The Ethics of Songs: Deep River (African American spiritual, arr. H.T. Burleigh), with Ellie Hisama
Join us for the Spring 2021 Season of The Ethics of Songs, the Centre for Ethics YouTube series that explores the ethical dimensions of songs familiar and new! (The full schedule is available here:
Music and Institute for Research on Women, Gender, and Sexuality
Produced and edited by Laura Menard (Music & Centre for Ethics, University of Toronto)
Ellie Hisama is Professor of Music and a member of the Institute for Research on Women, Gender, and Sexuality at Columbia University, where she has taught since 2006. The author of Gendering Musical Modernism, she has published on the music of Geri Allen, Joan Armatrading, Benjamin Britten, Ruth Crawford, Julius Eastman, and DJ Kuttin Kandi. She will join the University of Toronto’s Faculty of Music in July 2021 as Professor of Music and its next Dean.
For further reading:
W. E. B. Du Bois, The Souls of Black Folk. Boston: Bedford/St. Martin’s, 1997 .
Farah Jasmine Griffin, “When Malindy Sings: A Meditation on Black Women’s Vocality.” In Uptown Conversation: The New Jazz Studies, ed. Robert G. O’Meally, Brent Hayes Edwards, and Farah Jasmine Griffin, 102-25. New York: Columbia University Press, 2004.
J. B. T. Marsh, The Story of the Jubilee Singers: With Their Songs. 1883. Collection of the Smithsonian National Museum of African American History and Culture.
Michele Moody-Adams, Making Space for Justice: Social Movements, Collective Imagination, and Political Hope. New York: Columbia University Press, forthcoming.
J. B. Steane, 1973. The Grand Tradition: Seventy Years of Singing on Record. Portland: Amadeus.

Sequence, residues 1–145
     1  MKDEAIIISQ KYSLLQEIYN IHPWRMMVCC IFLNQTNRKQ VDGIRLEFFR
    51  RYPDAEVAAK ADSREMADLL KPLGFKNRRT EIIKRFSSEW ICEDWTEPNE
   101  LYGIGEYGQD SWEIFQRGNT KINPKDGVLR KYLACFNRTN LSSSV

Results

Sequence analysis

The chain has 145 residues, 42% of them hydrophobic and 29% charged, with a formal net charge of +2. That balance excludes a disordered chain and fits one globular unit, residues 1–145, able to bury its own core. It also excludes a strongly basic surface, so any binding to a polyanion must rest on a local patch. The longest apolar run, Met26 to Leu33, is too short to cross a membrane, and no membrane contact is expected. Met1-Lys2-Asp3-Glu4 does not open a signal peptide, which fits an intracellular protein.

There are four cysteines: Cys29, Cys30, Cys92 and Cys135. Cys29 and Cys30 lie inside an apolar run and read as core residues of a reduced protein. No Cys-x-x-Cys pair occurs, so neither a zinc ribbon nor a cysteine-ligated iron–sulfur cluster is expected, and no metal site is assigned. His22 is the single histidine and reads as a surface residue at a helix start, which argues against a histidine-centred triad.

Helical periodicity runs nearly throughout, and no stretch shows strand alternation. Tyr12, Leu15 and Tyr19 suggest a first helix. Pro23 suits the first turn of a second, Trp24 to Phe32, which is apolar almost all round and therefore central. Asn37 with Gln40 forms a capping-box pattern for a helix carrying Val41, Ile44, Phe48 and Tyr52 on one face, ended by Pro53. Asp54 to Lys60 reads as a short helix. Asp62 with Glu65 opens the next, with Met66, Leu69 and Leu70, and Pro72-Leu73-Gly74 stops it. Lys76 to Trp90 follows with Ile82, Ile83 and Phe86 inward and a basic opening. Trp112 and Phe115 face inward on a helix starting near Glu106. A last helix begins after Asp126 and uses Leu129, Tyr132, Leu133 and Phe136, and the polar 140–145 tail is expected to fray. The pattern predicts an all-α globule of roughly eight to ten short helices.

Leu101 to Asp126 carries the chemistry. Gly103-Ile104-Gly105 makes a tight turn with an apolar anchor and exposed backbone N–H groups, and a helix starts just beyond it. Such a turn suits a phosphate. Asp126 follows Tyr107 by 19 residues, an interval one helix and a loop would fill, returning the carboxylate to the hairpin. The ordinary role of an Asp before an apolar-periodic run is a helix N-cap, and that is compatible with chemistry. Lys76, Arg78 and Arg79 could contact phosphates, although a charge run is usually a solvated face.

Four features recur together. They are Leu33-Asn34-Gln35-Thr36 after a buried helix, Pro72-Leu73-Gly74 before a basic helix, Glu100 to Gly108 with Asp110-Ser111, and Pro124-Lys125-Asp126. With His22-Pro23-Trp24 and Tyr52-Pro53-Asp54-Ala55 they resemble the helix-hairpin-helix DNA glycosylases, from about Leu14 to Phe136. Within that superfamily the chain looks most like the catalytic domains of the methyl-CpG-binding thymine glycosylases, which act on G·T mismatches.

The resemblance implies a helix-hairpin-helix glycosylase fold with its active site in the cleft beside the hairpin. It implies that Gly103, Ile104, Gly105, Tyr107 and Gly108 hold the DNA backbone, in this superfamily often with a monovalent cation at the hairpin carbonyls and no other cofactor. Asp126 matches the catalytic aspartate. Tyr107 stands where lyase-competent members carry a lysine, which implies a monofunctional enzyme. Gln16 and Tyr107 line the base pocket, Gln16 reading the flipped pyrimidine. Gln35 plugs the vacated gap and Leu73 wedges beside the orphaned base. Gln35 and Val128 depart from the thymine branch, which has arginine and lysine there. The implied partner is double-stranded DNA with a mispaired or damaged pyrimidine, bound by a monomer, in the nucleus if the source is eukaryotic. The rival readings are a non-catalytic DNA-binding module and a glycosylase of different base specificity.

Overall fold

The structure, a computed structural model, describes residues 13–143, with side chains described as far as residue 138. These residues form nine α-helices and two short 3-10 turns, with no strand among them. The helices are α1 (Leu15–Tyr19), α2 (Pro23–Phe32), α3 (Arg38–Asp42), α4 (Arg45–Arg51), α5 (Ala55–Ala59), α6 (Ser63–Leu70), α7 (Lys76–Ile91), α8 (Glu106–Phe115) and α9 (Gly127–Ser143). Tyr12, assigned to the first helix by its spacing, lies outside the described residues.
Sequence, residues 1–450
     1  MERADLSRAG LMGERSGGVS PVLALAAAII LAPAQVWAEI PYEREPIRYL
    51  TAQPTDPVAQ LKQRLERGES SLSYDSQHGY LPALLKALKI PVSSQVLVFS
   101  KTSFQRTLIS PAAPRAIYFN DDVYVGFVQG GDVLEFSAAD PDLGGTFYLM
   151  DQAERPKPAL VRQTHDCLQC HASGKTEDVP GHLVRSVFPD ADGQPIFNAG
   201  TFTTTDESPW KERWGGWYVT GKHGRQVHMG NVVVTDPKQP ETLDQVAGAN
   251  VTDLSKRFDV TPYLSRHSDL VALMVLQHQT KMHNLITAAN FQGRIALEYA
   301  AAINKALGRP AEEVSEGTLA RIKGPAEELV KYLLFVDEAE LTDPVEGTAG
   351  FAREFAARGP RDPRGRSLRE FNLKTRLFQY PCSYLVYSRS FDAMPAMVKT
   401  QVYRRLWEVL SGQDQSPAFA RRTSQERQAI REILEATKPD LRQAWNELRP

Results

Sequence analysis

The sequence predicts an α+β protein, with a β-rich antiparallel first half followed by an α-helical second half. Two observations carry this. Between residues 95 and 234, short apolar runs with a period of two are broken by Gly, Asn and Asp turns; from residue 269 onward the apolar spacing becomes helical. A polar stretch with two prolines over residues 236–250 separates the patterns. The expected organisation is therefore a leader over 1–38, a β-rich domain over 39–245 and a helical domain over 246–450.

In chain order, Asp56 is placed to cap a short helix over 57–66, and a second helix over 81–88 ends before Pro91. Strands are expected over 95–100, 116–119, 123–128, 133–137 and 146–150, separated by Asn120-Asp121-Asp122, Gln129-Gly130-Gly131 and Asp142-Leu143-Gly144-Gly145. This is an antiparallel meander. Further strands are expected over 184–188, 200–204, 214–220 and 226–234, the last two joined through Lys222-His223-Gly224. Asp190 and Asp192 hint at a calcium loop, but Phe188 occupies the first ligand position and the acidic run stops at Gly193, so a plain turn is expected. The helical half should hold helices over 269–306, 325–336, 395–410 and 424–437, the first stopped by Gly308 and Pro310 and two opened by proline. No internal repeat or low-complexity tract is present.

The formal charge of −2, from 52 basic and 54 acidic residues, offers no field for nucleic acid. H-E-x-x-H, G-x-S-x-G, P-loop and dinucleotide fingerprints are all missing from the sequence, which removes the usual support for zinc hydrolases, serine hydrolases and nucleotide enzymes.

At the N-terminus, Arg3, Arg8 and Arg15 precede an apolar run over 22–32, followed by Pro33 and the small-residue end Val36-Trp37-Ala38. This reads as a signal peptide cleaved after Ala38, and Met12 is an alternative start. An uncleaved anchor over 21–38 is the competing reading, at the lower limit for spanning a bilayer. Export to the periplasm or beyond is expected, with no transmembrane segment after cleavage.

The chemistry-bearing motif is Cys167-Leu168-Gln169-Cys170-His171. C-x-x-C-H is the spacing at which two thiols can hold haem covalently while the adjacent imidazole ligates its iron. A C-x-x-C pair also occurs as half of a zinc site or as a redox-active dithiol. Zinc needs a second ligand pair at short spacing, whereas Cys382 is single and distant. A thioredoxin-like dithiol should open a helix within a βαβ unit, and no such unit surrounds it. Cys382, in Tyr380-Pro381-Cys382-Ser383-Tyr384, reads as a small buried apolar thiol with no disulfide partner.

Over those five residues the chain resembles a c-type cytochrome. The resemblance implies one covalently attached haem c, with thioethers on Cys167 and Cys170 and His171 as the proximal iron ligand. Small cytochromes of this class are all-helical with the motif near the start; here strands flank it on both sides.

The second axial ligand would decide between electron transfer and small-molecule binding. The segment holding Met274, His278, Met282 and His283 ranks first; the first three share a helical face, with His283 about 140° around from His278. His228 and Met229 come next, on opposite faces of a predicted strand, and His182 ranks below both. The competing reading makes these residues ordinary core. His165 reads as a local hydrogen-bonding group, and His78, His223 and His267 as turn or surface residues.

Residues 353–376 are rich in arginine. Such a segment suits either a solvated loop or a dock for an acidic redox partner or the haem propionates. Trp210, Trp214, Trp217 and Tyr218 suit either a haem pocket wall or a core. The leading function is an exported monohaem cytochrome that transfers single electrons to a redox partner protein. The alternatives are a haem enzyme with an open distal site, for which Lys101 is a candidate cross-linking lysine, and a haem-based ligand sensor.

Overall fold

Louise Toppin, The African Diaspora Music Project.
Marian Anderson “What Spirituals Mean to Me.” Typescript, 1962. The Marian Anderson Collection, Rare Books and Manuscripts Library, Kislak Center for Special Collections, University of Pennsylvania.
Ellie M. Hisama, “Popular Culture: Cultural Activism and Musical Performance.” In A Cultural History of Western Music in the Modern Age, vol. 6, ed. William Cheng and Danielle Fosler-Lussier. London: Bloomsbury, in press.
Allan Keiler, Marian Anderson: A Singer’s Journey. New York: Scribner, 2000.
H. T. Burleigh
H. T. Burleigh, “Deep River.” New York: G. Ricordi, 1917.
Harry T. Burleigh Society website
Ann Sears, “‘A Certain Strangeness’: Harry T. Burleigh’s Art Songs and Spiritual Arrangements.” Black Music Research Journal 24/2 (Autumn 2004): 227-49.
Jean E. Snyder, Harry T. Burleigh: From the Spiritual to the Harlem Renaissance. Urbana: University of Illinois Press, 2016.
“Beverly Glenn-Copeland on Finding Your Creative Voice.” Red Bull Music Academy, Montréal, December 6, 2017.
Grayson Haver Currin, “Listeners Found Beverly Glenn-Copeland. It Was Time.” New York Times, September 14, 2020.
Hua Hsu, “Beverly Glenn-Copeland’s Music for a Future that Never Came.” The New Yorker, September 14, 2020.
Nick Krewen, ‘Here’s a generation that’s speaking my language’ Beverly Glenn-Copeland, 77, finds new success after Japanese collector’s interest.” Toronto Star, October 1, 2020.
Marian Anderson, “Deep River” (1938 recording with pianist Kosti Vehanen)
Beverly Glenn-Copeland, “Deep River” from Live at Le Guess Who? (2018)
Beverly Glenn-Copeland, “Ever New” from Keyboard Fantasies (1986)
Keyboard Fantasies: The Beverly Glenn-Copeland Story, dir. Posy Dixon, 2019. [documentary]